You may have heard that some diets recommend eating several small meals throughout the day instead of three larger meals. Some diets boast significant health benefits with eating smaller meals throughout the day. The International Society of Sports Nutrition published their position stand on meal frequency in 2011. Here are the findings:
- Body composition
Increased meal frequency does not play a significant role in decreasing body weight or improving body composition. Studies of overweight and normal weight individuals found that calories consumed in one meal versus three or five meals did not make a difference in body composition. At the end of the day, weight loss or weight gain depends entirely on caloric balance.
- Blood markers of health
Blood pressure, total and LDL cholesterol, and fasting glucose levels significantly decrease with increased meal consumption. Additionally, serum insulin levels are decreased, which may decrease body fat deposition.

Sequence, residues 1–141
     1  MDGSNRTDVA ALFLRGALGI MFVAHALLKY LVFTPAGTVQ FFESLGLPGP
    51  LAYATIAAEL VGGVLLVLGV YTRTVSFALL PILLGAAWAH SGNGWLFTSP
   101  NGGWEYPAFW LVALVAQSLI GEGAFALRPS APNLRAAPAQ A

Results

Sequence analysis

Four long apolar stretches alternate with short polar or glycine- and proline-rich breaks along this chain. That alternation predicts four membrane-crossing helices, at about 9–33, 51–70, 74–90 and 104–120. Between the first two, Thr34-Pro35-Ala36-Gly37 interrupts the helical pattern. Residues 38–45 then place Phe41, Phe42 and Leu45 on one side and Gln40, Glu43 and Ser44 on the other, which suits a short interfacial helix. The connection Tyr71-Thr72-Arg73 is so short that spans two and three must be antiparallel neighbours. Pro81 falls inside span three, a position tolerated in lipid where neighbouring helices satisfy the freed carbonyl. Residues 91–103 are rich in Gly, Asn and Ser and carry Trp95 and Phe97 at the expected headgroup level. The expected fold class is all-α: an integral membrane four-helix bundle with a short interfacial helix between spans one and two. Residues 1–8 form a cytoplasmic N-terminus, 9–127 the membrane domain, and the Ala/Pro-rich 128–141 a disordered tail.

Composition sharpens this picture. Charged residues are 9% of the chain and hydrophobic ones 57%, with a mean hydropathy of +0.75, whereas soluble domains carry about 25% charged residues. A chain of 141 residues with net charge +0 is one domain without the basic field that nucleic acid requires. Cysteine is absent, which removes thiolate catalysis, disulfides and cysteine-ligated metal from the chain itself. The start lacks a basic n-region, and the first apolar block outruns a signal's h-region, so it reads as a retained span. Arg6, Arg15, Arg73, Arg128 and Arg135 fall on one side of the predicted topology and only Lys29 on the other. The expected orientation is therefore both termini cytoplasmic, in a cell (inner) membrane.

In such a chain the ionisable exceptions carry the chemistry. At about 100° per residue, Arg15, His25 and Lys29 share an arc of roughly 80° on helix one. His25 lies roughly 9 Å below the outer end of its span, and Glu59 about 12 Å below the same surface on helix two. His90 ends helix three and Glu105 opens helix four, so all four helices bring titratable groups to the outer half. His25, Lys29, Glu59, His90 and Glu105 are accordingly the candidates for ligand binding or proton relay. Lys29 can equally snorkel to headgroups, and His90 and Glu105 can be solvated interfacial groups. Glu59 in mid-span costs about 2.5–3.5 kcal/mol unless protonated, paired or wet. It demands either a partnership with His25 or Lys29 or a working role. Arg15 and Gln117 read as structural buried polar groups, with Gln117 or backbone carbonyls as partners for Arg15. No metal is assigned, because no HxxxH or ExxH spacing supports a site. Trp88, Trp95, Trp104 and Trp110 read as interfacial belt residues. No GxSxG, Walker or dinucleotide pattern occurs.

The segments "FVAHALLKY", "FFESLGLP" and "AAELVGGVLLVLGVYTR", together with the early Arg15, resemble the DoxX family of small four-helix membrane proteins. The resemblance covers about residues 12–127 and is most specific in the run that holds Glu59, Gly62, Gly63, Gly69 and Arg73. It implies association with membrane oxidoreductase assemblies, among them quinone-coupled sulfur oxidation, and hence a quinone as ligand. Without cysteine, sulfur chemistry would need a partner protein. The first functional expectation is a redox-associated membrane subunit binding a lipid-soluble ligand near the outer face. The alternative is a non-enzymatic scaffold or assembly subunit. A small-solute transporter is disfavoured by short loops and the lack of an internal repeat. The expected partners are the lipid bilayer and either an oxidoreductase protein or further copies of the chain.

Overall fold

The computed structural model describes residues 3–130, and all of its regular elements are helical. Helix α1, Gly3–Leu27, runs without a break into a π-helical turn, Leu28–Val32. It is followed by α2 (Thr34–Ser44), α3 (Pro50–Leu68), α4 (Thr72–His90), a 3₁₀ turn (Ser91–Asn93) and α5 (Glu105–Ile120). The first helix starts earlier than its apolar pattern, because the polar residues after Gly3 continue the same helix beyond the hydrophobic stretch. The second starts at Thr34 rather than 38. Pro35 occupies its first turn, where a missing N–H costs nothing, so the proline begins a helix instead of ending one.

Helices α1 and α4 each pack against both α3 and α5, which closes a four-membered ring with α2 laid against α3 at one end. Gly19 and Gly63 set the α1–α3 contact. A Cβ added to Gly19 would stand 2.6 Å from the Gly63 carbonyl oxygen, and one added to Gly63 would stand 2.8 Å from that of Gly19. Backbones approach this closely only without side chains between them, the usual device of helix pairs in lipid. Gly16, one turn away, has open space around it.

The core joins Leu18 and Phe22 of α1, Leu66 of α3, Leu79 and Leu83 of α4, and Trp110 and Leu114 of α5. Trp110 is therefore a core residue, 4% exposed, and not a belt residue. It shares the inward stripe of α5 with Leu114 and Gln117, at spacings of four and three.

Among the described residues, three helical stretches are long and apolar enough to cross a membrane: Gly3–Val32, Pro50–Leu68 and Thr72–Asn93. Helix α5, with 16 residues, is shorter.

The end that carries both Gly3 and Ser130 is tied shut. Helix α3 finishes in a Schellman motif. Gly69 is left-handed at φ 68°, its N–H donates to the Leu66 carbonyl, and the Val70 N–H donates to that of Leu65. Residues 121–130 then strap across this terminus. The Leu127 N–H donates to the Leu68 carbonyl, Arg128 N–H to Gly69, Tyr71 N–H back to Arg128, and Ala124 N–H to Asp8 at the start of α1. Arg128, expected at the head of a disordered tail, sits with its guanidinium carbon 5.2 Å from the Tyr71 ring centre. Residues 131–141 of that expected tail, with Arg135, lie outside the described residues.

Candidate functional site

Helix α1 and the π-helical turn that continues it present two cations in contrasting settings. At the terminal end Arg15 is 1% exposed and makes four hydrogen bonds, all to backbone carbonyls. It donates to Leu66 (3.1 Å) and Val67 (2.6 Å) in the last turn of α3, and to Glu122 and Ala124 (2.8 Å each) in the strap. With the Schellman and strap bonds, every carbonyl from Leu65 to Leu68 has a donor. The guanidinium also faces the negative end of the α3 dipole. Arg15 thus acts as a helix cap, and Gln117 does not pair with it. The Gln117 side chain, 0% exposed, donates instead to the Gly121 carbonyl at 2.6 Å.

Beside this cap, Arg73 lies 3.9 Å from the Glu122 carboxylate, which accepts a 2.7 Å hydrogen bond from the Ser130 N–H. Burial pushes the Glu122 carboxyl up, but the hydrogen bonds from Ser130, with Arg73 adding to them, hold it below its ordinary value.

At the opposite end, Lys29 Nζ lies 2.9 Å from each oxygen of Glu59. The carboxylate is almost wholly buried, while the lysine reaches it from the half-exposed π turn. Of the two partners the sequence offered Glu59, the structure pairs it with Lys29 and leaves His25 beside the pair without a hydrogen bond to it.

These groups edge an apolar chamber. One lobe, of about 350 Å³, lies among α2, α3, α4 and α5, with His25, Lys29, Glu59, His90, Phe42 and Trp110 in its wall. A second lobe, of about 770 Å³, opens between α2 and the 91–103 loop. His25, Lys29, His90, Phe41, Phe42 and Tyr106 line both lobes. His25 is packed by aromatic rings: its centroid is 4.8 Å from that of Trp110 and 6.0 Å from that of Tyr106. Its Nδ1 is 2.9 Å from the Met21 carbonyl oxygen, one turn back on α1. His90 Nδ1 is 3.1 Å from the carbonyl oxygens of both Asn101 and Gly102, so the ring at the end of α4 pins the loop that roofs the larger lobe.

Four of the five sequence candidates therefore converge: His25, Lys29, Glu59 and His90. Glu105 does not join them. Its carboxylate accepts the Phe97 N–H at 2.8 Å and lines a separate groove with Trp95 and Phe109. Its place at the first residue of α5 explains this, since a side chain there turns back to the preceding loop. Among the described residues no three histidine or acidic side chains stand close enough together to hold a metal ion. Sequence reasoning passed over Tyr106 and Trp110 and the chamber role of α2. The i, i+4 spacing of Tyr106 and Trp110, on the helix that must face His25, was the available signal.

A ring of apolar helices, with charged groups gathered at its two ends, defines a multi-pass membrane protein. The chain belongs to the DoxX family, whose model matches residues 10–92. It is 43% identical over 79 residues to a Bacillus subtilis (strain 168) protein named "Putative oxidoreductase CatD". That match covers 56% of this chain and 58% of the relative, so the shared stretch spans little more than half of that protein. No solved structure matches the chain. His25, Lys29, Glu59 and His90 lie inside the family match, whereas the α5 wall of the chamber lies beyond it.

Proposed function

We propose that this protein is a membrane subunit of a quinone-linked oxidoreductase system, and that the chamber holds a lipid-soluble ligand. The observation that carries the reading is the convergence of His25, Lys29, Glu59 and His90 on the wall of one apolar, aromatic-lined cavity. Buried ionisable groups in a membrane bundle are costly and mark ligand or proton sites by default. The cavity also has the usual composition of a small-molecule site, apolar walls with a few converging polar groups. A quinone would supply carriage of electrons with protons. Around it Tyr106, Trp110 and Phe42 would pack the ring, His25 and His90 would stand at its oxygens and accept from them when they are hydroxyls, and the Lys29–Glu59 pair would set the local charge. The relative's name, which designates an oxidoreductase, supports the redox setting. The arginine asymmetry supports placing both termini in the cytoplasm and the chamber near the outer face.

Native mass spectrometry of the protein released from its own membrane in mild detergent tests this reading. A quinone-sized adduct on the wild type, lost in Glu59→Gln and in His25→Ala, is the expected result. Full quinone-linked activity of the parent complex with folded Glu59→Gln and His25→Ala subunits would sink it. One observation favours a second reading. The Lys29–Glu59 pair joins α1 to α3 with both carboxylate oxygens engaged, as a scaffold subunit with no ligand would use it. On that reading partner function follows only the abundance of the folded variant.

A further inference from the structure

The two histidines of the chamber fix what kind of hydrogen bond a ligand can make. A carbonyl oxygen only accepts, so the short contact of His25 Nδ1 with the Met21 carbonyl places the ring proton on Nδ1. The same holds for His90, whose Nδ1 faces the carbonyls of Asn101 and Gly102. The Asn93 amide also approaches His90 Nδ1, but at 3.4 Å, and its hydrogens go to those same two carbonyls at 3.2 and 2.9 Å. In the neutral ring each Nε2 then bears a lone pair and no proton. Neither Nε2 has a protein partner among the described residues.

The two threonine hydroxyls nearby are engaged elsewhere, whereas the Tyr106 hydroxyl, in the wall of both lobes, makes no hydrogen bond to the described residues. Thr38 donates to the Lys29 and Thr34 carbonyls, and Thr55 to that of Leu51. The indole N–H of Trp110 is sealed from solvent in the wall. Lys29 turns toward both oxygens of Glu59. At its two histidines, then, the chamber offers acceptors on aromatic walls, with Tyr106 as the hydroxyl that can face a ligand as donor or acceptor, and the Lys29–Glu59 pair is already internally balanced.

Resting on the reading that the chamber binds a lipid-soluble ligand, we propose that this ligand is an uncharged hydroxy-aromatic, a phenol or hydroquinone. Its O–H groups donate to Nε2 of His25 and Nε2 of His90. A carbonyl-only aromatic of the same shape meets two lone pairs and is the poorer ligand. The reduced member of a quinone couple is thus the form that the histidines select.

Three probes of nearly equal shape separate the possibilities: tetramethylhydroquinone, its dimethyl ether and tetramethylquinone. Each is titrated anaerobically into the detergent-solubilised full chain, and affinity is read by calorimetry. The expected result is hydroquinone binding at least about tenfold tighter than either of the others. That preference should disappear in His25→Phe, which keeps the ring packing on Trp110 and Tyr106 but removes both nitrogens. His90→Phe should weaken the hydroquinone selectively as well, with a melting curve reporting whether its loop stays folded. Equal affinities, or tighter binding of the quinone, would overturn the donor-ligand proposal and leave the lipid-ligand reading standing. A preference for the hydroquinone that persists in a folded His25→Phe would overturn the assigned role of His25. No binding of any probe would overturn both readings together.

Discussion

Even though there is an increase in thermogenesis and fat utilization with the consumption of smaller, more frequent meals, increasing meal frequency does not statistically elevate resting metabolic rate. However, additional calories are burned in the actual consumption and digestion of additional meals.
- Hunger or satiety
Increased meal frequency does decrease feelings of hunger and, consequently, may result in decreased calories consumed in subsequent meals.
- Protein metabolism
Protein content of meals is more important in preserving muscle mass than the number of meals consumed in a day. Research suggests that skeletal muscle mass preservation is optimized at 20-30 grams of high quality protein or 10-15 grams of essential amino acids, per meal. It is also important to spread protein consumption evenly throughout the day.
La Bounty, et al. (2011) International Society of Sports Nutrition position stand: meal frequency. Journal of the International Society of Sports Nutrition, 8:4.
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